- Creativity and challenges
- Curiosity and problem-solving
- Cause and effect
- Reading and writing
- Math and meaning
- Bonding and family
- And A LOT more!
Note on natural growth with age:
A lot of the growth that both my kid and I have experienced does naturally come from my kid being a couple years older and from me getting more XP as a parent. However, I do believe that a lot of this also is affected by our time playing TTRPGs together and am focusing on the elements of growth where I see a clear link to our games.
An explosion of creativity channeled into facing challenges
It’s funny going back to read the previous article and seeing where we were with my kid starting to ask questions and direct the story where he wanted. Now, he’s coming up with elaborate worlds and characters that he draws, tells stories about, and brings into our games.
His favorite, and most detailed, is about The Kitty of Socks, who is a magical anthropomorphic cat that fights skeletons and occasionally teams up with Luigi and Spider-Man to save the world from calamities like swarming bees or the world’s worst thunderstorm (it was caused by a rain ghost).
He often has his characters face challenges that he’s been scared of and having them come out victorious through wild shenanigans, talking through different scenarios, asking questions about how the issue could be solved, and so on.
I love this because he’s using the stories in our games as a creative outlet to acknowledge that something bothered him, find a way to face it, and share it with me in what’s now our own kind of special storytelling language. It’s helped me to also understand what he’s facing in his internal world so I can help him, and it’s helped me to learn to open up about some of what I’m facing too instead of just locking it all in.
Constantly approaching TTRPG problems with curiosity and practicing problem-solving skills
When we first started playing TTRPGs and approached a problem, my kid would ask questions about it and make some suggestions, but he would either jump in with his idea without really thinking about it or would do the opposite and be pretty afraid to try something because he didn’t want to fail.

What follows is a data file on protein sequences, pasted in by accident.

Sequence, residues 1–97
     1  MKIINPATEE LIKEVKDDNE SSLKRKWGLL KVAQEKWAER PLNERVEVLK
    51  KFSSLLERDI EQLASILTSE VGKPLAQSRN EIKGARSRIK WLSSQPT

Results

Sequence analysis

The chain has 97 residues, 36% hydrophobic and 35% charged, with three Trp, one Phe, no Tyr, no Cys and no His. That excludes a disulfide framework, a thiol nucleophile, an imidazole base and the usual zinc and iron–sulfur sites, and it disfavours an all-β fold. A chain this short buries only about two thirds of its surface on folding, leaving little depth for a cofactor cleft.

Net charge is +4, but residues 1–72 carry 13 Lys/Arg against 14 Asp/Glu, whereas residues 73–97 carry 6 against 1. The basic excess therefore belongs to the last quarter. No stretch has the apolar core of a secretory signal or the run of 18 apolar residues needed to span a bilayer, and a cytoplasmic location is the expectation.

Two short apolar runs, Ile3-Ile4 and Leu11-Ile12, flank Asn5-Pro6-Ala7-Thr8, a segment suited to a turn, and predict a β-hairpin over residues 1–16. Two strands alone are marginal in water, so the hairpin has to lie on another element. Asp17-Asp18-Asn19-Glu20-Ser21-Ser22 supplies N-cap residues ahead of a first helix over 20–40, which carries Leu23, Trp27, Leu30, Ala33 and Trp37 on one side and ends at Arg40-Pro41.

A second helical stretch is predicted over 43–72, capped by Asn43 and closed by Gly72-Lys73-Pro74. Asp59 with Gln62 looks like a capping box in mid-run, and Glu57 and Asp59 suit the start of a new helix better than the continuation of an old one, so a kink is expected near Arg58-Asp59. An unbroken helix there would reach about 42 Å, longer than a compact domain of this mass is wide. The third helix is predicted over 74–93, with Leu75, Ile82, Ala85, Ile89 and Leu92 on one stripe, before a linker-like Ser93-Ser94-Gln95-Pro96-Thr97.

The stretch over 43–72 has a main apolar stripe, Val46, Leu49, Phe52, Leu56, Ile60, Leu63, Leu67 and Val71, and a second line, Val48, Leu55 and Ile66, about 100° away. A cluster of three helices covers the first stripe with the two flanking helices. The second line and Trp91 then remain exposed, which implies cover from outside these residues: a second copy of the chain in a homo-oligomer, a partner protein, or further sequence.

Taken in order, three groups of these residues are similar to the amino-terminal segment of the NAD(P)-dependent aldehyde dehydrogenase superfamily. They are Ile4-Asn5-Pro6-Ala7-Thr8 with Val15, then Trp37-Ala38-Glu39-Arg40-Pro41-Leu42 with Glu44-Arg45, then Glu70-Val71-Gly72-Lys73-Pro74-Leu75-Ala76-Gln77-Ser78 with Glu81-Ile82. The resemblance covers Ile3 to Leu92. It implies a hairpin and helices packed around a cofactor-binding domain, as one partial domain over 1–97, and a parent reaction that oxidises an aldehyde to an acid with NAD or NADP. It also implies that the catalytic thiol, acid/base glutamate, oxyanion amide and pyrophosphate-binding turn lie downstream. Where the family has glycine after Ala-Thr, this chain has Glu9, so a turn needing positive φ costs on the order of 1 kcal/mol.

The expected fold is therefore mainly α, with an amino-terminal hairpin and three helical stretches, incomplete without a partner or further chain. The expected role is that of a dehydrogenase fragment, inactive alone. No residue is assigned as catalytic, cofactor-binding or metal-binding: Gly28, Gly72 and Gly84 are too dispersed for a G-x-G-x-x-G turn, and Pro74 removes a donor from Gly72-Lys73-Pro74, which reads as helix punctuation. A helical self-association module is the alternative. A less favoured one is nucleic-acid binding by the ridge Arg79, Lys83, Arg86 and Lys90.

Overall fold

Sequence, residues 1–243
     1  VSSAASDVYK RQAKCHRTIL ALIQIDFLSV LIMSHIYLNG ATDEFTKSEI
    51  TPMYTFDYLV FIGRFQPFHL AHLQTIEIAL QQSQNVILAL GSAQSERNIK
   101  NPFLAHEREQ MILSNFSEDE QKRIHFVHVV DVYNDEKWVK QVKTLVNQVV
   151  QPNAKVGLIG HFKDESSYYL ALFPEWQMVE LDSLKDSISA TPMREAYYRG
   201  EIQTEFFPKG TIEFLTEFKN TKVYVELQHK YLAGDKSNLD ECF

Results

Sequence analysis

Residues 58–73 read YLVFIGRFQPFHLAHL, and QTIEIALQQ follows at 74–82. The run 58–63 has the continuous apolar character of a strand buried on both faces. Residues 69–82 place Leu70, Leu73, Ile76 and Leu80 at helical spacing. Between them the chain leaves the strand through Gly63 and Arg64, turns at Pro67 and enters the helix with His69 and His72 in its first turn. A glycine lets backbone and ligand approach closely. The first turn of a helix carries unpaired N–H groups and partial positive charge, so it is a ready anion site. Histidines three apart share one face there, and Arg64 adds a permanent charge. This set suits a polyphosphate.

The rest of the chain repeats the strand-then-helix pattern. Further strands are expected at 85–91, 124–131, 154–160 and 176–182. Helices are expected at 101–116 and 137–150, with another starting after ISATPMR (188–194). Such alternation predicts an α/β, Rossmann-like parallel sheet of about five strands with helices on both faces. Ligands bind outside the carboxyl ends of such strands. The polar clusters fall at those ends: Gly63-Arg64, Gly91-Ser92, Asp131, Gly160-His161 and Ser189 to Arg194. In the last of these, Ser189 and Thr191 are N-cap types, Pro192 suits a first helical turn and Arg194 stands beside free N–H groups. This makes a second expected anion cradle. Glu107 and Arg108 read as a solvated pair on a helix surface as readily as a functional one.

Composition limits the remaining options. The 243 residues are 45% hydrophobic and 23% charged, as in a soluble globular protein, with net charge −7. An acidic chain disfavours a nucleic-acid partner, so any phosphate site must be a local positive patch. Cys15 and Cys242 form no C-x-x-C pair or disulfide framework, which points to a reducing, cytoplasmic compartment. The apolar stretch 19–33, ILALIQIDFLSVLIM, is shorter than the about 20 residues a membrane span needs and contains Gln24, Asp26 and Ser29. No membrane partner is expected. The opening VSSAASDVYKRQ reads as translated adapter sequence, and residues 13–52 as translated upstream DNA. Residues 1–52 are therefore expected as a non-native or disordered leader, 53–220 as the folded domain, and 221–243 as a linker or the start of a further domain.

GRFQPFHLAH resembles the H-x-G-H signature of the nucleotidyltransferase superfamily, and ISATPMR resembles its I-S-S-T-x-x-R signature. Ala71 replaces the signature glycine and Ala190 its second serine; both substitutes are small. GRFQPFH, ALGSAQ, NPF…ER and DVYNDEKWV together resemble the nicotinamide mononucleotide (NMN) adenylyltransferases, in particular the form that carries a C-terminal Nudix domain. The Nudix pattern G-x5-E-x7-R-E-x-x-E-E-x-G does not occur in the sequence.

Now, after practicing our approach to problems and challenges over and over and over again in our games, he’s coming at new issues from a point of curiosity and has gotten into a really good pattern (very similar to the engineering problem solving process) to think about his ideas before acting.
This translates into real life too! When he faces a challenge, like trying to figure out how to merge two different styles of train tracks together, he sits and looks at it, maybe talks himself through some ideas, and then figures it out without getting frustrated when it doesn’t work the first time. He asks questions, comes up with lots of ideas, and is resilient when attempting a new process or idea. We practiced learning to cope with failure via turning poor dice rolls into new opportunities and seeing that our characters get back up and try again.
For me, this has helped to practice coming at issues or events in a way that allows me to be a little kinder to myself. While I will probably always be practicing this, I’ve noticed that I’m also way less focused on acting immediately and precisely and am more focused on waiting and giving myself time to process and think when approaching a problem by seeing my kid learn to do this too.
Learning about cause and effect from in-game actions